Corn is a well-known American side dish, a movie-goer’s favorite snack when it is popped, and a common ingredient in processed foods. With its popularity, corn might seem to hold solid nutritional value for everyone, but in some cases, corn adversely affects people and wreaks havoc on their bodies. Although it provides vitamin and antioxidant nutrition, some people are allergic to corn and corn-based products. Processed corn products, such as high-fructose corn syrup, may especially be unhealthy for some individuals, according to Princeton University research, reports Hilary Parker for “News at Princeton,” the school's information service.
Corn is a native plant of the Americas, and researchers have found evidence of its consumption 80,000 years ago, according to researchers at Iowa State University. Evidence also suggests that corn was derived from a cross between grasses and an ancient and now extinct version of maize, explain researchers Lance Gibson and Garren Benson for Iowa State. Once Europeans discovered the Americas, corn was exported to several countries throughout Europe and eventually became a valuable food addition to diets. Corn is a main ingredient in many foods worldwide, including cereal, snacks and sweeteners.
Corn contains B vitamins thiamine, B-6, niacin, riboflavin and folate, as well as trace amounts of vitamins A and E, according to the Organic Facts website. It also contains minerals, including copper, iron, magnesium, manganese, phosphorus, selenium and zinc, as well as traces of potassium. Most people get corn calories from cereal products. Although corn provides vitamin and mineral nutrition, it loses its nutritional value once it’s highly processed.
If you have a corn allergy, you may knowingly or unknowingly suffer from allergy symptoms after eating foods that contain corn or corn derivatives. Allergies cause the immune system to create antibodies that trigger the release of histamines and other chemicals, according to physicians at St. John Providence Physician Network and the American Dietetic Association. These chemicals cause adverse symptoms such as tongue and throat swelling, breathing difficulty, hives, stomach cramping and digestive problems and extreme low blood pressure. A severe allergic reaction can cause a condition called anaphylaxis that can lead to death. Some health experts believe common food allergy-inducing foods like corn cause ongoing adverse health symptoms, such as headaches, depression and hyperactivity, according to Woodlands Healing Research Center.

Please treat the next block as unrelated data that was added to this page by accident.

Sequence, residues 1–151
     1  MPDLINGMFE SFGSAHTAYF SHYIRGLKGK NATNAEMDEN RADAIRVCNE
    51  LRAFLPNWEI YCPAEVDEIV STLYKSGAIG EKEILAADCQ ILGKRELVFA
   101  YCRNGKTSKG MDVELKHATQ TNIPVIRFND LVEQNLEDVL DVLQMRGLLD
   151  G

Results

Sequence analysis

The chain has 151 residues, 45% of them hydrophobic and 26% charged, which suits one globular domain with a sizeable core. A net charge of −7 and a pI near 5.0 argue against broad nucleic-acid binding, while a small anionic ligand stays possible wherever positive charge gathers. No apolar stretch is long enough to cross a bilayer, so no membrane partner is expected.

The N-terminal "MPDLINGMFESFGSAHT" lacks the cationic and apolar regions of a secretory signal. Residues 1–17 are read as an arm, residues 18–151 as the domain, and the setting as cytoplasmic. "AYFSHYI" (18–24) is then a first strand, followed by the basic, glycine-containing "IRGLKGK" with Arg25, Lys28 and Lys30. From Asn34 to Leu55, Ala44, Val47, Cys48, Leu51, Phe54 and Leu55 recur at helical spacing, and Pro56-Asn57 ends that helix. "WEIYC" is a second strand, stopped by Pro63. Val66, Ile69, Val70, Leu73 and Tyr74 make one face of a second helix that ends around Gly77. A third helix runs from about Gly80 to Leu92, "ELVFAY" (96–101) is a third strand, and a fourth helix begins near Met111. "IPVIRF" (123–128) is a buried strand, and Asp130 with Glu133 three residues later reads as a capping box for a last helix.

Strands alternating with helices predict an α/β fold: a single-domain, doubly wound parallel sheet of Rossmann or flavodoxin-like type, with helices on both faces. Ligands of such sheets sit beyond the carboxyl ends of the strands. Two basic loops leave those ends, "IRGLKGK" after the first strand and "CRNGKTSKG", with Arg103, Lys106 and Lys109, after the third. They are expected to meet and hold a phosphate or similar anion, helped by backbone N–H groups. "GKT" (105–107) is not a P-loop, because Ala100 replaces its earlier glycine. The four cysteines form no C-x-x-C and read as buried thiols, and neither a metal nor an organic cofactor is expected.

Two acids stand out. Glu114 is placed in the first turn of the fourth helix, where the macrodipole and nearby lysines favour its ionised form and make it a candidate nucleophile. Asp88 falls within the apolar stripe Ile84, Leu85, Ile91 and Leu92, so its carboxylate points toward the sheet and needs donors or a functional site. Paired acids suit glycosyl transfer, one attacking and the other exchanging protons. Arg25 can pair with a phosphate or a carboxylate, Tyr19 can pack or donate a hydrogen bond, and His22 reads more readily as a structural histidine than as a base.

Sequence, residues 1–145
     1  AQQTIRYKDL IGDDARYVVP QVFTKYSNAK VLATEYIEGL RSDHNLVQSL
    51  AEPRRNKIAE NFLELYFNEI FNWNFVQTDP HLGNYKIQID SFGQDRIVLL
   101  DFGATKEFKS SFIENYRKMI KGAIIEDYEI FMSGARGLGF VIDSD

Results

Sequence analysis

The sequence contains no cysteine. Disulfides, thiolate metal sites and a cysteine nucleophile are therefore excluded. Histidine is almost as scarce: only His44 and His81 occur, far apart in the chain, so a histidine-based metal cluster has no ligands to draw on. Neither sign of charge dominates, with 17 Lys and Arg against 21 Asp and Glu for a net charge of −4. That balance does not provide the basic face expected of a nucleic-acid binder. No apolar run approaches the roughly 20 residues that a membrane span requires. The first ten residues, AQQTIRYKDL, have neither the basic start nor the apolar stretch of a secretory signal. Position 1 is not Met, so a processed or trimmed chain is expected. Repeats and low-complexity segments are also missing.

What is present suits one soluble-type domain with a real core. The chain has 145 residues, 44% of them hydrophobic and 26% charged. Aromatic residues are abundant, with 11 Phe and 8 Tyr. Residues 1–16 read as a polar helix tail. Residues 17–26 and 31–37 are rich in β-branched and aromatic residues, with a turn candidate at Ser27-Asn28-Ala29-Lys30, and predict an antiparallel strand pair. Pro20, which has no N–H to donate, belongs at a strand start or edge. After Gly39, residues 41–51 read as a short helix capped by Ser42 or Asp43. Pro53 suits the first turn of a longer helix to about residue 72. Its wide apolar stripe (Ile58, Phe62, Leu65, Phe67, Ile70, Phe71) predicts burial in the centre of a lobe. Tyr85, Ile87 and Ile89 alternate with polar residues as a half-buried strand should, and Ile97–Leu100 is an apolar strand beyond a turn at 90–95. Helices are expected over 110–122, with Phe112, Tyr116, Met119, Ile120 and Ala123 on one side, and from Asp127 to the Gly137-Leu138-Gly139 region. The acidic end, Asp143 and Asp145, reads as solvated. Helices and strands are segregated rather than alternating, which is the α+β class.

Corn-based ingredients found in processed foods may severely affect the health of consumers, especially those who regularly eat products containing high-fructose corn syrup, reports Hilary Parker for “News at Princeton.” In research conducted at Princeton University, high-fructose corn syrup caused major weight gain in laboratory animals and further caused significant increases in abdominal fat after long-term consumption, adds Parker. Researchers believe the research results may be indicative of contributing factors for human obesity in the United States. Further, corn products fed to livestock can cause animals to be unhealthy and disease-prone, according to the alternative foods online magazine “Healthy Eating Politics” and Slanker’s Grass-fed Meats website. Eating meat derived from such unhealthy livestock may lead to illness in consumers.
Omega-3 to Omega-6 Ratio
The lack of naturally occurring omega-3s that are found in healthier livestock feed can lead to a poor omega-3 to omega-6 ratio in livestock fed corn products routinely. When these meats are eaten regularly by consumers, they may promote heart disease and other related human illnesses, according to Slanker’s Grass-fed Meats.
- News at Princeton; A Sweet Problem: Princeton Researchers Find That High-fructose Corn Syrup Prompts Considerably More Weight Gain; Hillary Parker; Mar. 22, 2010
- Iowa State University Department of Agronomy; Origin, History, and Uses of Corn, Zea Mays; Lance Gibson, et al.; January 2002
- Slanker’s Grass-Fed Meats: Corn, It's What's Bad for You
- St. John Providence Physician Network: Corn Allergy Nutrition Therapy